As many as 60% of Sun-like stars in the Milky Way may form rocky planets similar to Earth, according to recent findings from NASA's Spitzer Space Telescope. The findings suggest that other worlds with potential for life might be more common than previously thought.
Astronomers used the infrared telescope to look for signs of warm dust around 309 distant stars grouped together by age.
They found that younger stars -10 to 20 million years old - had dust around them at temperatures suggesting the dust disks lay at distances from the stars where planets would be likely to form. The farther away from a star the dust lies, the colder it gets.
"We detect the heat radiation of dust grains," says Michael Meyer of the University of Arizona, Tucson. "From those observations, we infer the presence of colliding larger rocky bodies that bang together and generate dust."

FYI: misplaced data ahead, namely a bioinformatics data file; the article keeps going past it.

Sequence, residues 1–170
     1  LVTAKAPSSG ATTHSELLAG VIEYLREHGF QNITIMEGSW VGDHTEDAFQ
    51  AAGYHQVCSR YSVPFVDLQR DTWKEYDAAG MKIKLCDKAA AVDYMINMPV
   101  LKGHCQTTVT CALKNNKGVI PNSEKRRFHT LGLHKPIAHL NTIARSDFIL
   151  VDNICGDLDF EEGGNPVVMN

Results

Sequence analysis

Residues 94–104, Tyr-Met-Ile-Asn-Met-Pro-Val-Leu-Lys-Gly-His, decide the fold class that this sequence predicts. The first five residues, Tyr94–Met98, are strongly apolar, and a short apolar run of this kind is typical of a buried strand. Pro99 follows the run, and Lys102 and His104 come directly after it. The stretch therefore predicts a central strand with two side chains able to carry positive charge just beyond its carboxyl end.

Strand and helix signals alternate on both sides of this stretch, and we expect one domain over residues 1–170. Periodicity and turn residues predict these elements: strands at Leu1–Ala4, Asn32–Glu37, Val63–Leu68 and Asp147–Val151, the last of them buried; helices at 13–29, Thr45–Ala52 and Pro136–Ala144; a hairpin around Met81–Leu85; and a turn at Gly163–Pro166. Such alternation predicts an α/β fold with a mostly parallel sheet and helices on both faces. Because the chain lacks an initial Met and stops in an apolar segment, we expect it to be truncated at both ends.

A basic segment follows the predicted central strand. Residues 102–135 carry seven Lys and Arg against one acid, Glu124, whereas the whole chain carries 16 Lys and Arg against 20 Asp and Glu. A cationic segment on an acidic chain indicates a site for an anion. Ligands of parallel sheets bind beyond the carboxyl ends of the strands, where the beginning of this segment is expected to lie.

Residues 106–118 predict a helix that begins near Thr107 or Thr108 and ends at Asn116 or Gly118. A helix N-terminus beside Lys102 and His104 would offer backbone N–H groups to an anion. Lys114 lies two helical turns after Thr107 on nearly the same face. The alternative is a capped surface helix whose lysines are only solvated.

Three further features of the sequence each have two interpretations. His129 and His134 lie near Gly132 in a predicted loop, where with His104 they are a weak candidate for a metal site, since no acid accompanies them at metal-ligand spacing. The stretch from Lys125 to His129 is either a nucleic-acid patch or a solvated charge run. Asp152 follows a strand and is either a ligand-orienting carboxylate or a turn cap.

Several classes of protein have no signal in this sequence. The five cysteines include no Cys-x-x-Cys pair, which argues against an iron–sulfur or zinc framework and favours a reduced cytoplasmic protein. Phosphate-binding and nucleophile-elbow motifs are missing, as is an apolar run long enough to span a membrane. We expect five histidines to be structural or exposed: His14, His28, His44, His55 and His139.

[. . .]
The dust grew less abundant as they looked at older stars until it disappeared almost entirely around stars that were 300 million years old or older, suggesting that the dust is likely to have been accreted into the form of planets. The time frame corresponds to the time it is likely to have taken for Earth and other planets in our solar system to form through the collision of smaller bodies. The amount of dust found around different ages of stars suggests that between 20-60% of stars similar to the Sun are candidates for forming terrestrial planets.